Up on the Hill

Filed in DOL, Jobs, Minimum Wage, Safety by on March 26, 2014 1 Comment

This morning, for the first time, I had the opportunity to testify on Capitol Hill before the House Education and Workforce Committee about the important work we do at the Labor Department.

As I explained to the committee, just about everything we do at the department supports President Obama’s agenda of creating opportunity for all. We help people get the skills they need to succeed in the jobs of today and tomorrow.  We help ensure that our workplaces are safe and free from discrimination. We make sure hard work is rewarded with a fair wage. And we give people the chance to retire with dignity.

Secretary Perez testifies before the House Education and Workforce Committee March 26, 2014.

Secretary Perez testifies before the House Education and Workforce Committee March 26, 2014.

Our 2,500-plus American Job Centers, for example, help out-of-work Americans access all the services they need – resume assistance, job leads, career counseling, training opportunities and more.  At the height of the recession, the AJCs were the nation’s emergency room for job-seekers, administering the critical care necessary to get people back on their feet.

Business leaders like Andra Rush of Detroit Manufacturing Systems use the AJCs to find the skilled workers they need. I like to think of ours as a “Match.com” role, finding exactly the right fit between job seekers and employers. Since the recession began, we have served, on average, more than 14 million people each year, including more than a million veterans, through our job training and employment services.

But we want to do even better. That’s why we’re working closely with Vice President Biden on a review of the federal government’s training programs. We’re going to identify what works and take it to scale, while figuring out what doesn’t work and fixing it.

But as I testified this morning, there’s a whole lot more to our work at the department.

If opportunity means nothing else, it must mean the right to return home safe and sound after a hard day’s work. No person should have to sacrifice their life for their livelihood. So, as I explained to the committee, the number of workers killed on the job has been cut from 14,000 in 1970 (the year OSHA was created) to an all-time low of 4,400 last year, in a workforce that’s twice the size. Employer after employer tells me it’s a false choice to suggest we can have job growth or job safety – they believe we can and must have both.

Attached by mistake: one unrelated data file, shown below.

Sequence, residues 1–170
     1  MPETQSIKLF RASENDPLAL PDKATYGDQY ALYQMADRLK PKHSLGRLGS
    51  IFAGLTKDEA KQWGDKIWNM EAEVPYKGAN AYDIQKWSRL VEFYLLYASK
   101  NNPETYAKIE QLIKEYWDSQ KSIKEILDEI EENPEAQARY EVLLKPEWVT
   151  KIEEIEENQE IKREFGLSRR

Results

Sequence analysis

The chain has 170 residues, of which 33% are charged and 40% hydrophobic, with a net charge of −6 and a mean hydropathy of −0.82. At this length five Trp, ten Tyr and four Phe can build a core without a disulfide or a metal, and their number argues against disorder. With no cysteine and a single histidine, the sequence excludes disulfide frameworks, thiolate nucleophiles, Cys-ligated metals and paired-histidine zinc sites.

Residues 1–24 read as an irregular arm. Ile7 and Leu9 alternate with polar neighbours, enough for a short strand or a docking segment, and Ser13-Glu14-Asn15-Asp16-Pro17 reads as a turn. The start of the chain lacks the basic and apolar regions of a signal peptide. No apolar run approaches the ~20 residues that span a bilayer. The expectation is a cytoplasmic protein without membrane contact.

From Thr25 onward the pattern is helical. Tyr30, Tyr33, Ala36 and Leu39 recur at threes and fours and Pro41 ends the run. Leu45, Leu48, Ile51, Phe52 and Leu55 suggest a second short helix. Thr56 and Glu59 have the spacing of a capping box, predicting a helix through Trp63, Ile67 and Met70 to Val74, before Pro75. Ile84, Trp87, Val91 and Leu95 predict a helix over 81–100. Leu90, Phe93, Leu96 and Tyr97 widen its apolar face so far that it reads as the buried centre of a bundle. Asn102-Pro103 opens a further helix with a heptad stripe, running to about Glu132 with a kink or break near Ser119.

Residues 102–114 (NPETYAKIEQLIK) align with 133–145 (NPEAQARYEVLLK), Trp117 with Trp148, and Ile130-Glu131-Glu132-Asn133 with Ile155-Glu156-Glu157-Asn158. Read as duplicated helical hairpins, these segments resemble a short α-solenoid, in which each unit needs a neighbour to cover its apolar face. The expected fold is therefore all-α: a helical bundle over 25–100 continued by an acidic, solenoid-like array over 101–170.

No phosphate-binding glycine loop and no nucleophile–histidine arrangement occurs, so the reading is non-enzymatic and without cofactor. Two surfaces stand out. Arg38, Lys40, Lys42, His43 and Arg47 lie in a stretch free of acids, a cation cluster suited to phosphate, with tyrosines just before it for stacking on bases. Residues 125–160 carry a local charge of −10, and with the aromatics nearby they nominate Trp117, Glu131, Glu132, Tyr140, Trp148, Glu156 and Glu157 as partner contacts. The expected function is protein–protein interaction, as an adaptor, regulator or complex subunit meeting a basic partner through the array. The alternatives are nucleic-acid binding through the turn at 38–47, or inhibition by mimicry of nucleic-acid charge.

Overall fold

Rewarding hard work with a fair wage is also central to our mission and to the president’s opportunity agenda. Too many Americans, despite working full time, are still living in poverty. That’s why the president has pushed so strongly for an increase in the federal minimum wage to $10.10 an hour. The workers I speak to need this raise; and the businesses I’ve heard from recognize that it’s the right thing to do and the smart thing to do.

The basic bargain of America is that everyone has the chance to succeed. No matter where you started out the race, you can finish it ahead of the pack. No matter the circumstances of your birth or the ZIP code you live in, you can live out your highest and best dreams.

Fulfilling that bargain is what the Labor Department is committed to every day. I hope that we can work with Congress this year and beyond to expand opportunity for all.

Follow Secretary Perez on Twitter as @LaborSec.


Comments (1)

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  1. Sheryl Eldridge says:

    Great stuff! We need to find avenues to inform and empower our small businesses of the rich resources available from the Job Centers. Oftentimes, they are burdened financially as well as within the human capital area needed when advertising for skilled workers. Today, who knows how individuals seeking jobs look for job; what mediums do they use? The Job Centers would be an asset to the small businesses.

    We also need to have more avenues for the small businesses to embrace the DOL and all the DOL has to offer. Regulatory agencies are too often seen as a threat when in fact they are to “go to” agencies. After all, whose going to come over you for noncompliance? The DOL was a valuable resource to me back in the day when FMLA was first enacted. My local DOL saved me when this new law was placed on my desk to learn, design and implement.

    There is so much available and we need to seek ways to inform and educate the small businesses.

    On the education, training, development and HRD front, train as much as possible and begin with early ages/stages in life to set the foundation for a strong and capable future workforce. Check out what the private schools are doing with three year old students? Have you ever interviewed or offered a podium to to a three year old? They have the love of learning like no other young person and this is the perfect place to start the skill building they will need in as little as 15-16 years.

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